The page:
The biggest toy this holiday is only 5½ inches tall.
Move over Hatchimals. This year’s must-have toys are Fingerlings — tiny, interactive robotic monkeys that grip onto a finger, or almost anything else.
Retail priced at $15, these colorful little critters hit the market in August and have been almost impossible to find in stores since way before Halloween. On Amazon.com, you can find one for $20, although most range from $30 to $50.
What’s the big deal with a little monkey? Well, first, there are actually six different monkeys to choose from, all in varying colors, plus a sloth and a unicorn. Just like the also immensely popular Hatchimals, Fingerlings engage children by responding to touch, sound, changes in position, even a gentle blow in the face. They babble, laugh, move, kiss, sing, whistle and — just in case you don’t have enough of this in your house — burp, sneeze, pass gas and snore.
Add to this the fact that they’re small enough to go anywhere — hanging on a backpack, pen or belt loop — and you have the perfect recipe for top toy for either gender over the age of 5.
The breakout star of 2016, Hatchimals continue their popularity. Larger than Fingerlings, these furry robot creatures hatch from eggs and then wait for someone to guide them through different “life stages” like learning to walk and talk.
What’s better than a Hatchimal? Two, of course! This year it’s all about Hatchimals Surprise, an egg that hatches twins that also interact with each other. Options include either Giravens (a cross between a giraffe and a raven) or Peacats (mix between a peacock and a cat). The toy retails for around $70.
Playing the game
Moving on to gaming, Nintendo rules this year with its ultra-portable Nintendo Switch. Released in March at a retail price of $300, this handheld console features detachable controllers and can either be attached to a TV or played on the go. Designed for all ages, the console features parental controls that can also be accessed via an app for smartphones.
New Orleans resident Jennifer Vititoe says her children haven’t asked for it, but she’s found something she thinks her 4-year-old son Brayden and 6-year-old daughter Gianna will love — Osmo, a game system that blends physical play with screen time. Drawing pads, puzzle pieces, blocks, cars — Osmo offers up a wide array of physical objects that react with screen simulations in a way designed to be both educational and fun. Games are geared for ages 4 and up. All that is needed to play is a $29 base, an iPhone or iPad and a game. Games start at $29 and full kits at $99.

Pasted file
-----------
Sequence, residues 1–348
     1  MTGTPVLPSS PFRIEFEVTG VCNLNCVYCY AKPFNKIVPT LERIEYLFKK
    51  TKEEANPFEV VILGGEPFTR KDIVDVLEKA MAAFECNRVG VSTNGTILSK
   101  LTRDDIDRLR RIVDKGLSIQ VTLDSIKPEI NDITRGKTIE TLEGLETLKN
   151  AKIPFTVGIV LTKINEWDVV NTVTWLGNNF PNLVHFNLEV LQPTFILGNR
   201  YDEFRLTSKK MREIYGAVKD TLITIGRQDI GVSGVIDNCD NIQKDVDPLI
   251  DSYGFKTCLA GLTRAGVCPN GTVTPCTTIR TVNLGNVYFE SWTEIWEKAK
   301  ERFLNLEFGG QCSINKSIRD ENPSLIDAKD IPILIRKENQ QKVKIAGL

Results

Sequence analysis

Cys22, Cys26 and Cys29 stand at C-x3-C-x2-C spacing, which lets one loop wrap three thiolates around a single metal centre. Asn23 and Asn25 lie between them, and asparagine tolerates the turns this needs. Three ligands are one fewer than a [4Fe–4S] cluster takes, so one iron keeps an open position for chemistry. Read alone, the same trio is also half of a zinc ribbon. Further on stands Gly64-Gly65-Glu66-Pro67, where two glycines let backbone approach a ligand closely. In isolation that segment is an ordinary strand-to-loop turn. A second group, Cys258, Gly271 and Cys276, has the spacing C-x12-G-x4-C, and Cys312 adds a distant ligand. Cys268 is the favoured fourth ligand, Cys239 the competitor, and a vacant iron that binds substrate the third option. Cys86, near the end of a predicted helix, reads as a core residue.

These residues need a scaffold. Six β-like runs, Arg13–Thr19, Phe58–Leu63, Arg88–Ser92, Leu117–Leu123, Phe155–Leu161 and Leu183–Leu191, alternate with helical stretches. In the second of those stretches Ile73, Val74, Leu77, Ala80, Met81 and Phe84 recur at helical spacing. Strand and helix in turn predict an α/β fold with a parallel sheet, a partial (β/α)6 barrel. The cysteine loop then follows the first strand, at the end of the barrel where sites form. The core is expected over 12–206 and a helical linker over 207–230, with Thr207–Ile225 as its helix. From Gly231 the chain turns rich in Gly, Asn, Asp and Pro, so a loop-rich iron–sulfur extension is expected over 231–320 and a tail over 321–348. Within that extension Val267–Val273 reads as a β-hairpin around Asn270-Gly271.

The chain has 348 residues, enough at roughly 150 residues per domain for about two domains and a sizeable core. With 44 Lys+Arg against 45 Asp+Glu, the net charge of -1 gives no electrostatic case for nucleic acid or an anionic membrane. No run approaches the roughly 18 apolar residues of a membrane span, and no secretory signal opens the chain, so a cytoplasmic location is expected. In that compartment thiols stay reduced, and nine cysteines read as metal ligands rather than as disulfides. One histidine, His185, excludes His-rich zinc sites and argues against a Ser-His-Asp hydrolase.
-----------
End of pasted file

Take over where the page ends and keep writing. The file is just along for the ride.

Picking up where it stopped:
Vititoe says she sees the system as the perfect compromise between what she wants and what her children want.
“They love tablet time and ask to have their tablets constantly, but we currently limit it to weekends only,” she said. “With the Osmo, they could have tablet time with hands-on learning. The games and drawings look fun and interactive. The only downside is it looks like it’s only available for Apple products right now.”
Dolls in balls
Similar to small collectibles like Shopkins, L.O.L. surprise dolls are on the wish list of many elementary school-aged girls. Very hot and unfortunately impossible to find right now: L.O.L. Big Surprise! Surprise! — a ball that includes 50 small collectible dolls that retails for $70.
In advance of the release of the latest Star Wars movie in December, Star Wars toys are also hot this year. For little Jedis, Toys R Us has its own Luke Skywalker’s Landspeeder™ 12-volt ride on — their “Outdoor Toy of the Year” — for $450 that rockets up to two riders along at two to five miles per hour.
For the 8 and older set, there’s the Star Wars App-Enabled Droid R2D2 for $180 that you either control with a smart device or let roam around on its own.
And, if you’re shopping for a DIY child, they can build their own droid with the $100 Droid Inventor Kit by littleBits.
Finally, baby dolls have been around since the 1800s, but in 2017 it’s all about realism, and the hot seller now is the interactive LuvaBella doll from Spin Master. Like the Hatchimals, this doll progresses through stages as it's played with — from babbling to saying more than 100 words and phrases. Released in October, Luvabella features facial expressions and movements realistic enough to have already made it one of the top toys of the year.
While many parents plan to battle it out this year to find and procure the top toys kids are clamoring for, there are some kids, like 7-year-old Mac Harcher, who prefer to think a little more outside the box.
“Mac told me he wants a ‘sushi dispensing skeleton,’ " said New Orleans parent Radar Harcher.
“I told him Santa doesn't make them because of fishing regulations," Harcher said. Fortunately, there's a second choice: "We're probably going to get him a karaoke machine.”